Male partners can now be parents through gestational surrogacy – the creation of an embryo through in vitro fertilization to be carried by a woman not genetically related to the embryo – but not in New York or New Jersey. New York law prohibits compensated surrogacy and New Jersey does not have a law for enforcing gestational surrogacy. Two new bills are being introduced in the New York and New Jersey legislatures to change that.
The New York Times article “And Baby Makes 3, In New York, a Push for Compensated Surrogacy” http://nyti.ms/1dOTeW6 featured one of the sponsors of the New York Child-Parent Security Act, which would provide a legal framework for gestational surrogacy, with his partner and beautiful daughter through gestational surrogacy. In 2012, the New Jersey Legislature passed the New Jersey Gestational Carrier Agreement Act, only to see Governor Chris Christie veto this badly needed legislation. Sponsors hope to reintroduce the New Jersey bill this year.
In my op ed piece, published in The Star Ledger, http://blog.nj.com/njv_guest_blog/2012/08/the_con_while_nj_erred_in_veto.html I explained the need for gestational surrogacy legislation.
The CON: Why N.J. erred in veto of gestational surrogacy bill
Published: Sunday, August 12, 2012, 8:50 AM
By Star-Ledger Guest Columnist
By Robin Fleischner
With his veto of the New Jersey Gestational Carrier Agreement Act on Wednesday, Gov. Chris Christie passed up a historic opportunity to sign into law bipartisan legislation passed by the Legislature to bring New Jersey into the 21st century for family building. This legislation could have been a nationwide model for regulated, ethical family formation practices as modern medical technology surpasses and supersedes outdated notions of parenthood.
Gestational surrogacy — creation of an embryo through in vitro fertilization, to be carried by a woman not genetically related to the embryo (a gestational carrier) — assists in the fulfillment of one of the deepest human longings for parents: a genetic child. Most carriers are compassionate women who dream of helping childless individuals become parents.
Gestational surrogacy provides a viable second option for women and heterosexual couples who cannot conceive or give birth to a child, and allows the realization of a dream for male partners who could not otherwise have biological children.
For more than a decade, gestational surrogacy has taken place not just in New Jersey, but throughout the world. Yet New Jersey, like the majority of states, has no statutory or case law providing for enforcement of gestational carrier arrangements and therefore no certainty or protection of the rights of all parties, including the children.
As a result, residents have been forced to leave New Jersey to locate gestational carriers in other states that permit enforcement of gestational carrier agreements and provide for the intended parents to become the legal parents of the children created.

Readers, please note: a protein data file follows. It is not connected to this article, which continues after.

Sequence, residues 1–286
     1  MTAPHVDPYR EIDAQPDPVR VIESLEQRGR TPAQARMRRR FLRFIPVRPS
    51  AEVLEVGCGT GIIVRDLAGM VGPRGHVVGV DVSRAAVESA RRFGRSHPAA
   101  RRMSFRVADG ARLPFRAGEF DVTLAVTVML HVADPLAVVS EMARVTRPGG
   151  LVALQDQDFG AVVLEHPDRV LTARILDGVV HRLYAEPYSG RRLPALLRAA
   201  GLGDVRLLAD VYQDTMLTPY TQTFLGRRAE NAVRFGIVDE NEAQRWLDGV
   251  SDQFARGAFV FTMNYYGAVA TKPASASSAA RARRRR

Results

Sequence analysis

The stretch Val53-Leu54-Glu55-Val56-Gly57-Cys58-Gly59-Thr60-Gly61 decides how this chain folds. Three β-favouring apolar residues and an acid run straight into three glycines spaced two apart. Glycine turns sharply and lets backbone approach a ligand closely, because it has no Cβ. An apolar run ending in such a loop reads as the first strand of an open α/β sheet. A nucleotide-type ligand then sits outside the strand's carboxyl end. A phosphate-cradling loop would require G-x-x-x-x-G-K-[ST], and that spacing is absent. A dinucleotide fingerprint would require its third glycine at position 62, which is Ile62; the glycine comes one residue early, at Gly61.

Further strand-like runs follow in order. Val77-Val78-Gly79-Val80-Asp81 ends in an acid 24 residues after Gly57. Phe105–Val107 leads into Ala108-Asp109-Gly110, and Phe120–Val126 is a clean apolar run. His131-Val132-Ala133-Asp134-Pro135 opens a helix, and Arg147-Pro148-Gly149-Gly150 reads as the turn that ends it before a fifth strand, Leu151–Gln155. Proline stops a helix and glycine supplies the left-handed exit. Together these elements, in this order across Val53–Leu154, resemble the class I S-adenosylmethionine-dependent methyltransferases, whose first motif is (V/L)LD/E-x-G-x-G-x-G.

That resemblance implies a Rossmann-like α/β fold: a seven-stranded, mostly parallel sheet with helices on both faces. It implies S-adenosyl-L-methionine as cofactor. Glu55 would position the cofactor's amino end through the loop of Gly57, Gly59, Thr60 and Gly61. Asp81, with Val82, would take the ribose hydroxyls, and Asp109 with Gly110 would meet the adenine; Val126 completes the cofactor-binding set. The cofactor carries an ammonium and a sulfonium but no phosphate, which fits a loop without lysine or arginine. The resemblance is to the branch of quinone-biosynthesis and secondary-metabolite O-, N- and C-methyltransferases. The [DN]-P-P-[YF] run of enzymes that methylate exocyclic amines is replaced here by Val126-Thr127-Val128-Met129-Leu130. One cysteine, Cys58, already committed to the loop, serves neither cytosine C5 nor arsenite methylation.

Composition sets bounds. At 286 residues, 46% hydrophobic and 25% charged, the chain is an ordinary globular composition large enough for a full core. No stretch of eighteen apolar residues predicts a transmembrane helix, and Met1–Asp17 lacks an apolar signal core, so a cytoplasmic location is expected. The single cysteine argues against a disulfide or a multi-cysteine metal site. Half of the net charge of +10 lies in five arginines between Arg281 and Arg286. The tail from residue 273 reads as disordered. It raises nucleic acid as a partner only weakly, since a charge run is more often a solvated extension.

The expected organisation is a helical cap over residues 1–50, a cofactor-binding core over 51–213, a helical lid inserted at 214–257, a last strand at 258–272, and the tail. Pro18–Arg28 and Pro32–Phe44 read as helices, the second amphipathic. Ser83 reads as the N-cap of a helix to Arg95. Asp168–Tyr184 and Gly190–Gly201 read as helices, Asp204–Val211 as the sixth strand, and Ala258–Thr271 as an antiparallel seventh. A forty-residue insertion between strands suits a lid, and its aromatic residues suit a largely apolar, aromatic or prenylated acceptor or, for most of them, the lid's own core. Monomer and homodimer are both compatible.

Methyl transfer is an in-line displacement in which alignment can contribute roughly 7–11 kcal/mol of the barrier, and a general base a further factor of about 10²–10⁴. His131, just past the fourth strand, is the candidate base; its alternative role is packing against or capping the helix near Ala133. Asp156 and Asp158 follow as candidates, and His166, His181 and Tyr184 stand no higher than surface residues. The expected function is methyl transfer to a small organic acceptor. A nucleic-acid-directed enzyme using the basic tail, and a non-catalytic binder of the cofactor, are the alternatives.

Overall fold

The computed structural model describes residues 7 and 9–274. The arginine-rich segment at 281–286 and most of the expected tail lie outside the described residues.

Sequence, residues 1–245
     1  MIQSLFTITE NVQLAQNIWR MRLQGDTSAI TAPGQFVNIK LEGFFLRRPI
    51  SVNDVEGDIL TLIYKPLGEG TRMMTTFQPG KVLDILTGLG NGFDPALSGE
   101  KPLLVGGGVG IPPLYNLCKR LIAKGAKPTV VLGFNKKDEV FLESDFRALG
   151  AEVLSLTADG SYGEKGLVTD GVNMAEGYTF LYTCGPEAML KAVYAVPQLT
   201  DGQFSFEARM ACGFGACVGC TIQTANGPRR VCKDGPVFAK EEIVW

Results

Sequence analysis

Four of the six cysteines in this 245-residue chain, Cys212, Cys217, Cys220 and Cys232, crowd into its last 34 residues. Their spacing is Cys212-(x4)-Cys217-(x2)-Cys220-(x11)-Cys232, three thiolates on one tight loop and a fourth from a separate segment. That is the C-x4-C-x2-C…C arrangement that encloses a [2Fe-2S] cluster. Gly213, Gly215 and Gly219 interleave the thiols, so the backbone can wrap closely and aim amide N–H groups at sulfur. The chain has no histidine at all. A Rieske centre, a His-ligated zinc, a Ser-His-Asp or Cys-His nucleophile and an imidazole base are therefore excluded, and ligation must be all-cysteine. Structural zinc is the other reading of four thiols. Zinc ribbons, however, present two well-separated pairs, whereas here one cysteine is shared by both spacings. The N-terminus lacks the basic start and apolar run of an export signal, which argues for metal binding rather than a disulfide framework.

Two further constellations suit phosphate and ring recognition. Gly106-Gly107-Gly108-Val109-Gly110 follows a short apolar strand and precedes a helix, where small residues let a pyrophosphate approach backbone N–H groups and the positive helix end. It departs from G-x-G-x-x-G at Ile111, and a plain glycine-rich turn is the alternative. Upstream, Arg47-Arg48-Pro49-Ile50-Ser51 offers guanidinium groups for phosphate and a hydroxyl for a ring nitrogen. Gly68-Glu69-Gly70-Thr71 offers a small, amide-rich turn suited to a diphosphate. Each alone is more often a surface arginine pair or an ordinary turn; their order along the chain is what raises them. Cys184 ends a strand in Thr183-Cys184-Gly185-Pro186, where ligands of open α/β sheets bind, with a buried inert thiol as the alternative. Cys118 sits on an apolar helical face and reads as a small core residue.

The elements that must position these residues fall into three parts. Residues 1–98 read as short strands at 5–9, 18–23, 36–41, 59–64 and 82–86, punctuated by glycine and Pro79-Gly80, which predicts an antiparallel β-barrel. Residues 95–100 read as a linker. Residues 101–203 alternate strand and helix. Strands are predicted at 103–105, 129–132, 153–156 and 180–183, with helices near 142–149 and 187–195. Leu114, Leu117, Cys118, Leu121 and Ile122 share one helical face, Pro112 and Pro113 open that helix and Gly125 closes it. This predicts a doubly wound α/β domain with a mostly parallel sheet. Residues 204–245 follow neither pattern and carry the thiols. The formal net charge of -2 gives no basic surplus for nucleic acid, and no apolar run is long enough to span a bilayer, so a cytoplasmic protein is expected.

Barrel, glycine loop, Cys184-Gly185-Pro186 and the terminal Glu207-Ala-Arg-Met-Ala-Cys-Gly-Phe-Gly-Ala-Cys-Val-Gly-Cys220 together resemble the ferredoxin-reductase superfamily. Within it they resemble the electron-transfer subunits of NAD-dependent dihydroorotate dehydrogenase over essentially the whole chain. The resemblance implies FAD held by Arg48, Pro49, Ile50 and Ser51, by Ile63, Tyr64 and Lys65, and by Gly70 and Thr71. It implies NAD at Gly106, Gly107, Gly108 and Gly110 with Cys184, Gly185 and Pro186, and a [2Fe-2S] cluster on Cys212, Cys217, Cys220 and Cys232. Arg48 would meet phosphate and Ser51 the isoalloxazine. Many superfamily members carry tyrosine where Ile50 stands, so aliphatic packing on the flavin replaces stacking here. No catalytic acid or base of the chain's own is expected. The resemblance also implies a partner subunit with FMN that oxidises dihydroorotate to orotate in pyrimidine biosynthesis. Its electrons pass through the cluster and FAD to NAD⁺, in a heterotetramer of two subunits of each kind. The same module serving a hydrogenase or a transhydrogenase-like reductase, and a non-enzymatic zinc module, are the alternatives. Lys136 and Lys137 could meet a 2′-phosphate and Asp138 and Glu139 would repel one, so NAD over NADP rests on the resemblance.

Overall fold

An even more troubling dilemma is posed for children when no legislative or judicial mechanism for enforcement of an agreement exists. Some children born as a result of gestational carrier agreements have been left without legal parents when courts have refused to grant orders of parentage to the intended parents, or health departments have refused to put the intended parents on their children’s birth certificates.
By establishing gestational surrogacy guidelines, the New Jersey Legislature seized the opportunity to provide safeguards for the parties, especially the children, in this increasingly popular and accepted route to creating families. Here are a few examples.
The vetoed act’s protections for the gestational carrier included requiring that she be at least 21 years old, have no genetic connection to the child (in sharp contrast to the traditional surrogacy in the Baby M case, in which the carrier’s own egg was used); and have given birth to at least one child.
One of the best examples of the drafters’ commitment to the best interest of the children created was the provision that even if there was a lab error and the child was not genetically related to the intended parent, the intended parent was the legal parent and was solely responsible for the support of the child.
The Legislature also successfully dealt with the controversial aspect of gestational carrier arrangements involving payments to carriers for giving birth to a child. The act did not permit compensation, but instead tracked the language of New Jersey’s adoption statute and only allowed payment of the carrier’s reasonable legal fees, medical costs and living expenses.
The act created a predictable mechanism for establishing parentage before the birth of the child. After a gestational carrier became pregnant, the intended parent would obtain a court order of parentage. After the baby’s birth, a birth certificate would be issued naming the intended parent as the child’s legal parent.
The New Jersey Gestational Carrier Agreement Act responded to the urgent need for legislation aimed at a legitimate path to parenthood through gestational carrier agreements, which protect the interests of all the parties, especially the children created. It is a shame that the governor did not sign it into law.
Robin Fleischner is an adoptive parent and an attorney who participated in the drafting of the New Jersey Gestational Carrier Agreement Act. She is a fellow of the American Academy of Adoption Attorneys and the American Academy of Assisted Reproductive Technology Attorneys.